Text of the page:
Employment Minister to tighten JSA rules again

Mon, 22/10/2012 - 12:43 -- nick

Employment Minister Mark Hoban has threatened Jobseeker's Allowance claimants with tougher sanctions if they 'play the system'.

Writing in The Telegraph, Mr Hoban said 'there are some out there who don't want to roll up their sleeves, and who think they can play the system. Well I've got news for them – they can't.'

The Minister was announcing an increase in the penalty periods for those who turn down jobs or do not co-operate fully with Jobcentre Plus staff.

He writes 'from tomorrow there will be clear and escalating levels of penalties.

For failing to do something required by a Jobcentre Plus adviser, the claimant will lose their benefits for four weeks. Every time it happens subsequently, they will lose their benefits for three months.

For the most serious rule-breaking, such as refusing to accept a reasonable job offer, or walking out of a job without good reason, they will lose their benefits for three months. If they do it a second time, they will lose their benefits for six months.

A third failure, at this level, is simply not acceptable and we will impose a three year penalty.'

Mr Hoban sets out the bargain the government has made with unemployed people, citing the Work Programme, extension of the New Enterprise Allowance and Youth Contract as examples of policies which should help them get back to work or education.

Attempting to reassure jobseekers, Mr Hoban writes that 'People who play by the rules will have nothing to worry about. We will give them the help they need.'

But he ends with 'But for people who can work but who refuse to play by the rules, tomorrow will be a rude awakening.'

UnemployedNet says:

Mark Hoban has identified weaknesses in the system that do not, on the whole, exist, or exist at such a low level that they need little attention.

Few jobseekers who jump all of the hurdles to getting Jobseeker's Allowance each fortnight, showing evidence of the work they have looked for, and queued for a variable level of service, only to receive an amount of money that most European countries would consider totally inadequate to support their basic needs, try to 'play the system'.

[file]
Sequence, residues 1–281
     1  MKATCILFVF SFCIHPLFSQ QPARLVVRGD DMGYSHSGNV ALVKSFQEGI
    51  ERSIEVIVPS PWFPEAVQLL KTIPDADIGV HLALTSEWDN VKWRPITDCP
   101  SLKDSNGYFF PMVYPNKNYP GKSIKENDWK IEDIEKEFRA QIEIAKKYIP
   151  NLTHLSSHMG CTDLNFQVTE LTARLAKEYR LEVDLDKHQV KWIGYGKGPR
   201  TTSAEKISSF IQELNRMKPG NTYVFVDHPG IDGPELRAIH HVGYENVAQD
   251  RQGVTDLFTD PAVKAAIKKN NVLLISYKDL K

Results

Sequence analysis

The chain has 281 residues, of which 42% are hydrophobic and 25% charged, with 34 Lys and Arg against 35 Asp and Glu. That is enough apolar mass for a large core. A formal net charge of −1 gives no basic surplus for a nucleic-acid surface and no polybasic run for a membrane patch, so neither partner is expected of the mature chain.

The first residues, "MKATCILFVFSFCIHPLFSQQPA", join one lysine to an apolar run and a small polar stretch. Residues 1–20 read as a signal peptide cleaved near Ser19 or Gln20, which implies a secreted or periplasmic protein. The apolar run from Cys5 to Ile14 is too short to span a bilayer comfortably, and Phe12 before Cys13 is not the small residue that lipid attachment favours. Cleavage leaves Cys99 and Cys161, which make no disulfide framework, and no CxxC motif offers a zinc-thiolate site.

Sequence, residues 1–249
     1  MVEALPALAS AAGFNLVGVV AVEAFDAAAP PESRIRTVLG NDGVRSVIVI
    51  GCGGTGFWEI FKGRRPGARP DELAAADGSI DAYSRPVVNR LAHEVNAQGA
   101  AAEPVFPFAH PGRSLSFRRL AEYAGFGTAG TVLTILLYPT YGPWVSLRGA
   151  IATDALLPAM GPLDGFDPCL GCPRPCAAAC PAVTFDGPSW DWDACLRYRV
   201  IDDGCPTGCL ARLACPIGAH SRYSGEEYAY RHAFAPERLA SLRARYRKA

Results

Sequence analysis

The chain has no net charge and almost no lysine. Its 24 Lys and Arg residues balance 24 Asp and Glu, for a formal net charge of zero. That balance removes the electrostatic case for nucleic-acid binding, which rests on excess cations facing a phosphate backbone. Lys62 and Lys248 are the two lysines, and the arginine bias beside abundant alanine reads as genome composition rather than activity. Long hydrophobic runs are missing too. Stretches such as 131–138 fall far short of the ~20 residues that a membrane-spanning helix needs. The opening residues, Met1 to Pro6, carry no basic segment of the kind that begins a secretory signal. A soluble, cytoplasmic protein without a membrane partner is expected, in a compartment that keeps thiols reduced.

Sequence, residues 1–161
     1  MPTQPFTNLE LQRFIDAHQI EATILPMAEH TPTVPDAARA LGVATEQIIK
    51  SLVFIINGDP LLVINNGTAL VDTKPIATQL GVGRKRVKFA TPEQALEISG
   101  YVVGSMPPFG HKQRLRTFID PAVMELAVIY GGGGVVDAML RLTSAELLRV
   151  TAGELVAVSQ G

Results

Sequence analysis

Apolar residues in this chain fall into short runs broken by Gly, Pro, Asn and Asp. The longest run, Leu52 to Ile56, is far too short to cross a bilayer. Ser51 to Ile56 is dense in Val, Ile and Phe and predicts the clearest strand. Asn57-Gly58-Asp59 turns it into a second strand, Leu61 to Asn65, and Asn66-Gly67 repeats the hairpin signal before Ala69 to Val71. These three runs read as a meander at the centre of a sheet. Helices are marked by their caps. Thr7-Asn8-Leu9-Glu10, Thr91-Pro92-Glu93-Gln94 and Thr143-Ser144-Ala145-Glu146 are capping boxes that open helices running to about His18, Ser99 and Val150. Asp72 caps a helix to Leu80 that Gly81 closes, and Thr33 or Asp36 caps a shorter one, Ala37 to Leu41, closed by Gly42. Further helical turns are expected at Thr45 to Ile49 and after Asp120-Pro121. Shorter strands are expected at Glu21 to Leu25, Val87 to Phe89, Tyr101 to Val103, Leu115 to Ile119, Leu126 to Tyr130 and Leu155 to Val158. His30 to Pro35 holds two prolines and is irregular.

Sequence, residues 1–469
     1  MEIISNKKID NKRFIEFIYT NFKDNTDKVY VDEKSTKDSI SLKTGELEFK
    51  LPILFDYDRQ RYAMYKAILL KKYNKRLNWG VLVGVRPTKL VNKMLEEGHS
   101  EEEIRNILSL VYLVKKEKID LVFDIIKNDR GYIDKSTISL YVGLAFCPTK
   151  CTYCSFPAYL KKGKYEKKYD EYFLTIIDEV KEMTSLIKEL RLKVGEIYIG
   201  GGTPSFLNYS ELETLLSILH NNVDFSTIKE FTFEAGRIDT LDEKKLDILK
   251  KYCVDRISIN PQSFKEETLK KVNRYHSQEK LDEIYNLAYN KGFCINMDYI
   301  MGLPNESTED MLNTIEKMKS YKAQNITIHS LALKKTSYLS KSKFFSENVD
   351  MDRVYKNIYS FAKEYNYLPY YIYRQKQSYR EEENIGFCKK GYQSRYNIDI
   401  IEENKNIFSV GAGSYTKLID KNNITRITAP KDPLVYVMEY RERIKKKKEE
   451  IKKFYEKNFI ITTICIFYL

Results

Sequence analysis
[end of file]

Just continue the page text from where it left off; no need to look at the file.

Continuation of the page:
The rewards are so meagre, and the current sanctions so harsh, that most go along with everything they are asked for. This is in fact part of the problem of signing on; it is so disempowering to jobseekers to be shown such a lack of trust and faith, from the very first time they register, that it actively works against the confidence they need to be able to find work and perform well at interview.

The idea that there are many jobseekers who are turning down jobs repeatedly, and who therefore need sanctioning, is also misguided. How many jobseekers are really going to go through an application and interview process for a job they don't want, and through that be identified as the ideal person for the job? Employers would go out of business if they showed this lackadaisical attitude to recruitment.

Unemployed benefit claimants will also feel a chill at Mr Hoban's threat 'For failing to do something required by a Jobcentre Plus adviser, the claimant will lose their benefits for four weeks'. Most jobseekers will have come up against at least one frontline adviser who is having a bad day and makes entirely unreasonable requests, and putting more power in their hands may lead to abuses of power.

But the Minister also sets out a bargain which he may not be able to fulfil his side of.

He writes 'Jobcentre Plus advisers will work with [jobseekers] to find suitable jobs and help them move into work'.

The cuts in Jobcentre staff, down 10,000 in the last two years, mean the service they can provide to jobseekers is much more limited than it was. They still have to sign customers on and apply checks to their jobseeking evidence, so the thing that has suffered is support to find work.

For many jobseekers this is the only professional support they receive, with referral to the Work Programme not taking place until 9 months.

Frontline Jobcentre staff can refer their customers to training or support organisations, check over CVs and application forms, tell jobseekers about employers in their area that are hiring new staff, and a range of other quick help.

Through a big reduction in staff numbers over a period when unemployment has risen, they are unable to give this valuable work the time it needs, and unemployment may be becoming more entrenched as a result.

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